Advertisement
YOU ARE HERE: LAT HomeCollections

Commentary

Preemption or Prevention?

June 05, 2004

Re "Shooting First," Opinion, May 30: Neither the piece by Ivo H. Daalder and James Lindsay nor the one by Gary Schmitt mentioned what is surely one of the most important questions the preemptive war doctrine raises, that of the potentiality of this doctrine to be used for covert purposes.

Necessarily, the justification for such a war is based on information in possession only of the government -- which can exaggerate imputed threats or manufacture them altogether. In particular, imperialistic ambitions can be implemented when a few individuals at the center of government come to see a particular country as important to their interests. They then declare that this country is a threat and must be subject to "regime change." Once this has been carried out and the country turns out not to have been a threat, the deed is done and the unfortunate country is under U.S. control. American corporations are able to exploit its natural resources and the financial opportunities that occupation offers, and the military has gained a new power base. Subsequent criticism of the government's deception cannot change a de facto situation.

This doctrine is inherently anti-democratic and lends itself to deception and manipulation, not to mention unnecessary destruction and loss of life. Its dangers are fully exhibited in Iraq, a complete disaster that must not be repeated.

Charles Crittenden

Lake View Terrace

The view that the Bush doctrine of preemptive war has met an early death in Iraq is based on the optimistic assumption that the Bush administration has learned from the mistakes it made. To learn from mistakes, however, requires that you admit that they are mistakes. Nothing that President Bush, Defense Secretary Donald Rumsfeld or the others in charge of this disaster have said suggests that they think that they have made any mistakes. What they have learned is to be less clear, less straightforward and less consistent in what they say. The only way to give the doctrine of preemptive war the early death it deserves is to replace those who adopted it in the first place.

James M. Dunn-Smith

Los Angeles

Schmitt, in justifying preemptive strikes, never mentions that if it is OK to attack nations on the basis of their being a "perceived threat," the United States might be a likely victim. Nearly every nation in the world perceives the U.S. as a threat these days. What's to prevent them from ganging up and going for it?

Sorry, Gary. War is war is war, and considering the capabilities of modern and guerrilla tactics, it's high time to save all our skins by trying more constructive alternatives sooner, such as fairness and an effort to understand others. How about preventive strikes instead?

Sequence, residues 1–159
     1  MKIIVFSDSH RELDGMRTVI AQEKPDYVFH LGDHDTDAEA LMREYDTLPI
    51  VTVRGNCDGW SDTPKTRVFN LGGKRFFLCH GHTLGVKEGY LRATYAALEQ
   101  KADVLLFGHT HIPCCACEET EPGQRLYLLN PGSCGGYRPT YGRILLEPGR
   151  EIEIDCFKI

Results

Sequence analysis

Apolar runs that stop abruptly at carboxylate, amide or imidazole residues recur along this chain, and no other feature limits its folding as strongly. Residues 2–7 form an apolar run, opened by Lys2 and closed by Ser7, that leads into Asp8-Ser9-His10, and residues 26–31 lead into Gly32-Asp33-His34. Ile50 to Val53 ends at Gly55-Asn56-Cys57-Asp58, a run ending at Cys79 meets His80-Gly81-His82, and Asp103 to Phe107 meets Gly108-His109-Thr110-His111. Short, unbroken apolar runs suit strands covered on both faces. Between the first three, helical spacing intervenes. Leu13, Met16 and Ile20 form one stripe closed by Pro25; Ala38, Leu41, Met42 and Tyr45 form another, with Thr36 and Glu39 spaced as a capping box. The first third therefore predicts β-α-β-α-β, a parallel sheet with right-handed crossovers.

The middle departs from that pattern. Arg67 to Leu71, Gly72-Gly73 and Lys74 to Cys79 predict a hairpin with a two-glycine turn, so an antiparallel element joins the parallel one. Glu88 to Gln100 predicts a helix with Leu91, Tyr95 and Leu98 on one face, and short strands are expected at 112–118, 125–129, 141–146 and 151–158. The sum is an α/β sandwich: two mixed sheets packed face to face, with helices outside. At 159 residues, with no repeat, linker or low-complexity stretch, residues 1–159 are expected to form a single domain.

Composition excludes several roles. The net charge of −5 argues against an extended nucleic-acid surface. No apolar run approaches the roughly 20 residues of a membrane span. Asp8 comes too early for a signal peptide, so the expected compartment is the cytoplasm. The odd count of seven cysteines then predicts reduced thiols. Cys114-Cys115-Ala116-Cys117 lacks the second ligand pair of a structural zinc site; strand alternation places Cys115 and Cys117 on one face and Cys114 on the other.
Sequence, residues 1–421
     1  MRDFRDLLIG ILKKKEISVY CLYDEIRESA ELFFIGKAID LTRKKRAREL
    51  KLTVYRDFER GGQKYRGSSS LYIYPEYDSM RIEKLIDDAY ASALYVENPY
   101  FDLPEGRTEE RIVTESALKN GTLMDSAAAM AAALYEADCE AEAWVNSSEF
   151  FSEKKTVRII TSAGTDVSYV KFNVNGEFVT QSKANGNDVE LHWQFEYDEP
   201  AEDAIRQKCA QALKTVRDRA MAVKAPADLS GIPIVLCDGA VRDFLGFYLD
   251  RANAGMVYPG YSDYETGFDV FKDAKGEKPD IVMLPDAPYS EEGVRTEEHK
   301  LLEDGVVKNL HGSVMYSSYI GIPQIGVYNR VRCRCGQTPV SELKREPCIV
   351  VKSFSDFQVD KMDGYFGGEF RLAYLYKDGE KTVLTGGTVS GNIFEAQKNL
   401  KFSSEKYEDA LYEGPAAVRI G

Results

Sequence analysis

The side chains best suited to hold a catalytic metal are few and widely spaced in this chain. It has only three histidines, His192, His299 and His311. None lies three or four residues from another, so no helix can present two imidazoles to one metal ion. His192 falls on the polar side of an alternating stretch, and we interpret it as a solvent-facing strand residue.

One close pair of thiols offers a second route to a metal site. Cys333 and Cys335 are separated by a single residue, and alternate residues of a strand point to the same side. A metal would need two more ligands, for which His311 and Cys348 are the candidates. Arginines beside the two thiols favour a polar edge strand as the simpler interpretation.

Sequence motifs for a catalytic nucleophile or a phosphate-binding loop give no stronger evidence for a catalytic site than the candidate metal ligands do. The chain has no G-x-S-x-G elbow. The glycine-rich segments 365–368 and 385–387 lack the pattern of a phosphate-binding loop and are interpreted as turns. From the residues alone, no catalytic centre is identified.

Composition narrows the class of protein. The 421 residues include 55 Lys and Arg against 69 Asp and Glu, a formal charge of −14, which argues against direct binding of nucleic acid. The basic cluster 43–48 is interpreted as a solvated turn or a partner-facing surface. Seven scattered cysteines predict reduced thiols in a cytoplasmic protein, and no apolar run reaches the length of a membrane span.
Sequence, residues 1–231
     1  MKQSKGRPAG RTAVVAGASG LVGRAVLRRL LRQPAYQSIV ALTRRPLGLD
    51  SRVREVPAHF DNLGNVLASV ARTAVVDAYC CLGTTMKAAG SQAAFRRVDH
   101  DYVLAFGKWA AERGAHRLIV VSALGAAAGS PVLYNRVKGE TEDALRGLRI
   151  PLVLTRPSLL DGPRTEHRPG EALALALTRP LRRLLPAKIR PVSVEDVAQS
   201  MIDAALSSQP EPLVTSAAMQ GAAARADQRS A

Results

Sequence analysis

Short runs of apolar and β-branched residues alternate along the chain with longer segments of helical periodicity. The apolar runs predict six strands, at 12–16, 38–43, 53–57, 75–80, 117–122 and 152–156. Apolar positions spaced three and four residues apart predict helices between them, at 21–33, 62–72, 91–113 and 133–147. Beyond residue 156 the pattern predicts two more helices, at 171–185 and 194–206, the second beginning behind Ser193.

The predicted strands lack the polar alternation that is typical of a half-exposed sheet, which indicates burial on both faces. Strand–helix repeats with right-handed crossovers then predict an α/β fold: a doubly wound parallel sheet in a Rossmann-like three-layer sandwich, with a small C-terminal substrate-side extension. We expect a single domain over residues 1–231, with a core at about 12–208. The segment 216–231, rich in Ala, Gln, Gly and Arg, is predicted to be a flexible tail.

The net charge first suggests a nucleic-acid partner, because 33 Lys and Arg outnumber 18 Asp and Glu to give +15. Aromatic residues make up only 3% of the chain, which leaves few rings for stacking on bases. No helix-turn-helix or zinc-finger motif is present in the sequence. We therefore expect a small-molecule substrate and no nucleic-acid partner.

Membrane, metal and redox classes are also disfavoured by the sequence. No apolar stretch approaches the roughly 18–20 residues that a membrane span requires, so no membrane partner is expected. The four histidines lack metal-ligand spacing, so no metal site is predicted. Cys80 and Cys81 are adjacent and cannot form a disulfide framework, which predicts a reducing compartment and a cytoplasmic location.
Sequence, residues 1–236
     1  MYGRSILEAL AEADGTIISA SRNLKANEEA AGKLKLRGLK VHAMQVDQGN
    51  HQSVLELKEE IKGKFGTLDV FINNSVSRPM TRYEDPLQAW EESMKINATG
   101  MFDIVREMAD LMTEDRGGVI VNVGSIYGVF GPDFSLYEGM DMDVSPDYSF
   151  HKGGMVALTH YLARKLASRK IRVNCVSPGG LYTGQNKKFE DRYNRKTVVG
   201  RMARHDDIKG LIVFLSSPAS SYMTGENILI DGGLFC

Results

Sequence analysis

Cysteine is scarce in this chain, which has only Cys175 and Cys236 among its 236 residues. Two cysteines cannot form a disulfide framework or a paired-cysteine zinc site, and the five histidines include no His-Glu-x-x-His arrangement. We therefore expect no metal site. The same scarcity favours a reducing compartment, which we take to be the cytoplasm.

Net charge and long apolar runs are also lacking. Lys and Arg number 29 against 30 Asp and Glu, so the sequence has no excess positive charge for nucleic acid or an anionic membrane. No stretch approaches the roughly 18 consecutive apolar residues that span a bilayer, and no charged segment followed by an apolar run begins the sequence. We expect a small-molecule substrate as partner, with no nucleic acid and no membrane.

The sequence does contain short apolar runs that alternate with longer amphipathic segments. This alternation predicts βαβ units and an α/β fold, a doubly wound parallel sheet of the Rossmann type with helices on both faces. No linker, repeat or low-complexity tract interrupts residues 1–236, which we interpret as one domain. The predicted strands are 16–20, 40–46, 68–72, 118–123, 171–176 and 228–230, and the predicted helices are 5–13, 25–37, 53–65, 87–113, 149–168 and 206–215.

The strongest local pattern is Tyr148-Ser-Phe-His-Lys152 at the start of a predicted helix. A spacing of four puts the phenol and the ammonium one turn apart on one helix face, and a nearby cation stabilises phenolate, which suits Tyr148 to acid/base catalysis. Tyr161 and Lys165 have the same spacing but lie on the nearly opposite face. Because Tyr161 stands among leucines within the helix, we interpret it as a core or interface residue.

Jean Gerard

Los Osos

The more important point is that using force to redefine societies, systems and values never has worked and never will, whether preemptive or reactive. How that fact could have been lost, missed or ignored by the current U.S. and Israeli leadership is completely beyond my imagination. To address terrorism as a target, itself and alone, rather than as a symptom equally in need of attention, is also unimaginable.

Randal L. Cruikshanks

San Luis Obispo

In your pro and con pieces about the war in Iraq, the author of the pro side was Schmitt, the head of Project for the New American Century. That organization sent a letter to President Clinton in 1998, and later to George W. Bush, that gave detailed plans for invading Iraq and unseating Saddam Hussein. Among the signers were nine individuals who are now members of the Bush administration. In other words, the war was planned as far back as 1998 by the people who are now running it. In seven years they didn't have enough brains to consider what had to be done when the war was over. Is this a way to run a government?

Howard Niederman

San Juan Capistrano

Steve Lopez's May 30 column, "Figuring Out the Price of Death," prompts me to write this letter regarding food shortage in the military in Iraq.

My granddaughter, who is in an engineer brigade, also sent us and her other relatives an e-mail asking for food because she was hungry. At the time she sent the message, she said there was insufficient food for the troops at the base where she is stationed in northern Iraq. Besides myself, two of our friends mailed food.

Why can't the Pentagon properly supply our men and women who are risking their lives 7,000 miles away to defend this nation?

Hazrat Adam

Culver City

Advertisement
Los Angeles Times Articles
|
|
|